J.C. Penney Co. (NYSE:JCP) has reported yet another quarterly loss but new Chief Executive Officer Myron Ullman is confident the struggling US retailer is on track to recovery after the failed makeover attempt of his predecessor Ron Johnson.
The J.C. Penney share price fell 2.3 percent to $18.35 in after-hours trading in New York on Thursday, May 16, having closed 0.95 percent down at $18.79. The stock extended its fall in pre-market trade on
Friday, sliding to $18.22 as of 11.13 GMT.
On Thursday, the department-store chain reported a net loss of $348 million, or $1.58 a share in the three months ended May 4, from $163 million, or 75 cents in the corresponding period a year earlier. Excluding restructuring and management transition costs, the loss was $1.31 a share. Gross margins narrowed to 30.8 percent in the quarter from 37.6 percent a year earlier, hurt by lower-than-expected sales and a higher level of clearance sales. Sales declined 16.4 percent to $2.67 billion, in line with the company’s own forecast but trailing analysts’ average estimate of $2.73 billion.
“The loss was a little worse than I expected, but this story isn’t about this quarter, it’s about looking out,” Bloomberg quoted Rick Snyder, analyst for Maxim Group LLC in New York as saying on Thursday. According to Snyder, Ullman has been taking the right steps, trying to win customers back by discounting and couponing.
Ullman, who had been J.C. Penney’s chief executive, started his second spell at the helm of the retailer last month, taking back the position from Ron Johnson, the former Apple Stores leader appointed as CEO in November 2011. Some of Johnson’s initiatives had failed to prove successful, in particular the decision to drop some of J.C. Penney’s private-label brands in favour of more fashionable ones and the move away from coupons.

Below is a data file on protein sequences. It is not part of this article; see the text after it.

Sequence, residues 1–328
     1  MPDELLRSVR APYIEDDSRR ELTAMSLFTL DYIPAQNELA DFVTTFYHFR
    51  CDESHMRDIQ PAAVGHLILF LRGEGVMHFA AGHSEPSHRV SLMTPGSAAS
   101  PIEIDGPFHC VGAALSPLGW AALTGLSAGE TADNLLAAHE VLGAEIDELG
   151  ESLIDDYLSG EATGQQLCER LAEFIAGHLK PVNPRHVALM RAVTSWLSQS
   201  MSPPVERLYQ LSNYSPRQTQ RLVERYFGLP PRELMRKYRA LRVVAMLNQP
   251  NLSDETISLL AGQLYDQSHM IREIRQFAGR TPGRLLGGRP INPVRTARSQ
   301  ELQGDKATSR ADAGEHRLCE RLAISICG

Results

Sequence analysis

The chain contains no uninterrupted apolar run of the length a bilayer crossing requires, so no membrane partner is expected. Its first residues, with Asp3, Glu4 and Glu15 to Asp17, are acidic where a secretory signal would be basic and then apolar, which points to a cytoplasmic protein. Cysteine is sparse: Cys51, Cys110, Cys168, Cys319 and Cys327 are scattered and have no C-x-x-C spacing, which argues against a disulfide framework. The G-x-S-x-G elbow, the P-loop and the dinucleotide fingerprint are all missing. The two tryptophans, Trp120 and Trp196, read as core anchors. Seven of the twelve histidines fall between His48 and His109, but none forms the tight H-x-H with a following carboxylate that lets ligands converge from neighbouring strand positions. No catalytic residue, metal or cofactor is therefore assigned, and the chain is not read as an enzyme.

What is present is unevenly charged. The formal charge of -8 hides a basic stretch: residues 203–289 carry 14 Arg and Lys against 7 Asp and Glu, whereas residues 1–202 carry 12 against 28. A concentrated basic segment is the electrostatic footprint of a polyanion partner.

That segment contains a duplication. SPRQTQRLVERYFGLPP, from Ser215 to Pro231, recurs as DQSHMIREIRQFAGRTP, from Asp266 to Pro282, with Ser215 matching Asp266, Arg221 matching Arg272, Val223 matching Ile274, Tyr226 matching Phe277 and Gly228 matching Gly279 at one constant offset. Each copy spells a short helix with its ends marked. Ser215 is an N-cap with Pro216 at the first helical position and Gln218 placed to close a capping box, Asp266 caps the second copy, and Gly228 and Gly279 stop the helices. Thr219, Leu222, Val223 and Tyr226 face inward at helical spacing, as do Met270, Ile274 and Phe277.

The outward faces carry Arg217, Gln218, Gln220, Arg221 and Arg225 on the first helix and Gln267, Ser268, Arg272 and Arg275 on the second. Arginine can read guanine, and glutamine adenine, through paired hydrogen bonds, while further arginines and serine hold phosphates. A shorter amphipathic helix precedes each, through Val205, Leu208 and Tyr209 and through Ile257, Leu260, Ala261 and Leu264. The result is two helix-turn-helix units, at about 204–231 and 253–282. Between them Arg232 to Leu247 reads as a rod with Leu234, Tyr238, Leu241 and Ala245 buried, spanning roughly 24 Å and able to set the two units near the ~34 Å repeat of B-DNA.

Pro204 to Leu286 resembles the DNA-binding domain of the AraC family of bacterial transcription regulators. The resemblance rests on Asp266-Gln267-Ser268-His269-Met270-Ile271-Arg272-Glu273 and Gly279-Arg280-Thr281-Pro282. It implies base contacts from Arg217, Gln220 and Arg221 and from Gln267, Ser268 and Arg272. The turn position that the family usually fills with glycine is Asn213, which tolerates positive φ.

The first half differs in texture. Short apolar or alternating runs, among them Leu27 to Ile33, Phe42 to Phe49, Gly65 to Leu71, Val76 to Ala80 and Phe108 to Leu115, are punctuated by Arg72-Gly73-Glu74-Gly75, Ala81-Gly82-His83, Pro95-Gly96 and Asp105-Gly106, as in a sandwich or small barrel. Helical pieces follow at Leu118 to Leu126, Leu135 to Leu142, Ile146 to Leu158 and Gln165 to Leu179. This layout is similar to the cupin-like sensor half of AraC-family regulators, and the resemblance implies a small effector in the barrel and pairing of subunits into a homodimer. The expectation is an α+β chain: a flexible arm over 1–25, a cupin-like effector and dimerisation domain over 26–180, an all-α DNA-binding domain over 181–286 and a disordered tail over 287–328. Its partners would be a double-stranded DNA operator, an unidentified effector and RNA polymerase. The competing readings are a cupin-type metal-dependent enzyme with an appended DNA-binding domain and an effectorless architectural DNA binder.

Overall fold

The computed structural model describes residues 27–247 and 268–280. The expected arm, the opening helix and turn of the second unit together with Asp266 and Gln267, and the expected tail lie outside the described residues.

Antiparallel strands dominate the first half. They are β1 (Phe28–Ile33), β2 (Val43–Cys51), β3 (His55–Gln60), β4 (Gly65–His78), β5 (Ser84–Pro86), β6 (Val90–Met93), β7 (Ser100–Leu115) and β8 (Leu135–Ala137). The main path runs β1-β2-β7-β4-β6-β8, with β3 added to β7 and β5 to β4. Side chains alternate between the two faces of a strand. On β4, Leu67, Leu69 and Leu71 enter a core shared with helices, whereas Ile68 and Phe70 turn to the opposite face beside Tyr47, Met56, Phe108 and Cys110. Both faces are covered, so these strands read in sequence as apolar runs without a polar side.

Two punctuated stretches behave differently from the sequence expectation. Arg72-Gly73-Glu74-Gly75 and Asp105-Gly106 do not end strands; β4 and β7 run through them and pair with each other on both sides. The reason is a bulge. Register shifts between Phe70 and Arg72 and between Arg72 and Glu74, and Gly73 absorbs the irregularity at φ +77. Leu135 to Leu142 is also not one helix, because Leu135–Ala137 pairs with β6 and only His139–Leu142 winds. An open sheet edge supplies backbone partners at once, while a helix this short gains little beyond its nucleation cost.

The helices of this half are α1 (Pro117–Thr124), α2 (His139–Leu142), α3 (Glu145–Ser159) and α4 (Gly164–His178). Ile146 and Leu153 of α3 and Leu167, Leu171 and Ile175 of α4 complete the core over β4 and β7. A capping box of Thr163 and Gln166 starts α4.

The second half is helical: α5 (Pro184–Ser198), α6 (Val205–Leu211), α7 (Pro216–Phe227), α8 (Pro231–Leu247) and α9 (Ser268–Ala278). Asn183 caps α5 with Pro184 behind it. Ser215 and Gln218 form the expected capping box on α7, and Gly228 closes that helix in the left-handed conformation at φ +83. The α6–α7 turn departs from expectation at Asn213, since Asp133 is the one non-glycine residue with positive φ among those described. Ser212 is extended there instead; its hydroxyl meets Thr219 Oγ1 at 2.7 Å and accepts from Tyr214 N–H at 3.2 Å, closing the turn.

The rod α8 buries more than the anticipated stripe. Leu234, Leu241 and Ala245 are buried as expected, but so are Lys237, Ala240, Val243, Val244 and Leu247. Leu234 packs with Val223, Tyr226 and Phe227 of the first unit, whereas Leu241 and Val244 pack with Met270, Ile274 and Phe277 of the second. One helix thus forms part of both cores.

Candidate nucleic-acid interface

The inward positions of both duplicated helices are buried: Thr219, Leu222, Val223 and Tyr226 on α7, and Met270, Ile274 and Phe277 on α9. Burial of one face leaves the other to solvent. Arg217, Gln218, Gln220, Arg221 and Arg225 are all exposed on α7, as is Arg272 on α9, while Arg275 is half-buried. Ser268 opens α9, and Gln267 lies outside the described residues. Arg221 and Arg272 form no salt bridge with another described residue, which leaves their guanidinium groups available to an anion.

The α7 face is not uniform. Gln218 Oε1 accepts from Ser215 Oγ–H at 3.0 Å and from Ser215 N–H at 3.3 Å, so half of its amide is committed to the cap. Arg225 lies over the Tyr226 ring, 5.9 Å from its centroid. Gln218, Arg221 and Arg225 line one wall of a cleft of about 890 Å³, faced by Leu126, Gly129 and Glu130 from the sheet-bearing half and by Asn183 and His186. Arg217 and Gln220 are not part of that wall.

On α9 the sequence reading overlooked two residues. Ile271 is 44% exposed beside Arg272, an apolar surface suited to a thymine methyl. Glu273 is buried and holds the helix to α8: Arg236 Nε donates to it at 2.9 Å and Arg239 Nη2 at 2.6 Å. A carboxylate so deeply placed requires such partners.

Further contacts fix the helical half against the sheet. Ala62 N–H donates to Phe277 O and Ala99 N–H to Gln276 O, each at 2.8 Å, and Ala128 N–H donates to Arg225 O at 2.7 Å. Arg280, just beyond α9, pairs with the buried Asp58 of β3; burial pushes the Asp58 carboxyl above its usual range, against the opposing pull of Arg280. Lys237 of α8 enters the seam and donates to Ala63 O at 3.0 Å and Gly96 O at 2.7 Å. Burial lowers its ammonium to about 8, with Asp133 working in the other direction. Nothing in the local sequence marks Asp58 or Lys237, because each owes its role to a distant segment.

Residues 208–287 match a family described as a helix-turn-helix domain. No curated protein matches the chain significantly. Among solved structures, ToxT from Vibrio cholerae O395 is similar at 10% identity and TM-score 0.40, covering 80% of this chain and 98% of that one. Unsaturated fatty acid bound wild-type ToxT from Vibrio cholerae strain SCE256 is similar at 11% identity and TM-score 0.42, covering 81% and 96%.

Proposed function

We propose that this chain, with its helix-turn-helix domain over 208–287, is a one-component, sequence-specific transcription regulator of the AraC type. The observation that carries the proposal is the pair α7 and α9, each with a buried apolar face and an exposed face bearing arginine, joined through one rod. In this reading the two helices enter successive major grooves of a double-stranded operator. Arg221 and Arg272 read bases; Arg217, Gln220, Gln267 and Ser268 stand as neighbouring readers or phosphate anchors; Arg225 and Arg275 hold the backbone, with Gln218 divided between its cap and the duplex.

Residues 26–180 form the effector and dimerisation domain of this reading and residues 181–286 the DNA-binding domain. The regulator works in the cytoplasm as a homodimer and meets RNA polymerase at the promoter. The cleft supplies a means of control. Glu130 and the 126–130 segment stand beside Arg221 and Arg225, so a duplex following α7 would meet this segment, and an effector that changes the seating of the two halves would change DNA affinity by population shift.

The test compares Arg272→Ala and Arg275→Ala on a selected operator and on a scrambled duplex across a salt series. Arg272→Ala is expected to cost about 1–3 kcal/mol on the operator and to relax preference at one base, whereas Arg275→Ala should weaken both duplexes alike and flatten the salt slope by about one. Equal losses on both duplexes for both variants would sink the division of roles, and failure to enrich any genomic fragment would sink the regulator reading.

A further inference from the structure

Since his return, Ullman has increased promotions to revive sales and has brought back brands such as St. John’s Bay. The company has also secured a new $1.75 billion loan.
!m[New CEO Ullman Says Recovery Will Take Time](/uploads/story/2341/thumbs/pic1_inline.png)
Ullman has to win back customers, who were alienated by the company moves under Johnson. The retailer said in commercials released earlier this month that it had learned from its mistakes and thanked customers for giving it another chance. Still, Ullman realises that recovery won’t be an easy task.
“This won’t happen overnight,” he said on a conference call with analysts on Thursday. “Rest assured, we recognize the magnitude of the challenges that we face.”
**The J.C. Penney share price (pre-market) was $18.64 as of 12.30 GMT, 17.05.2013**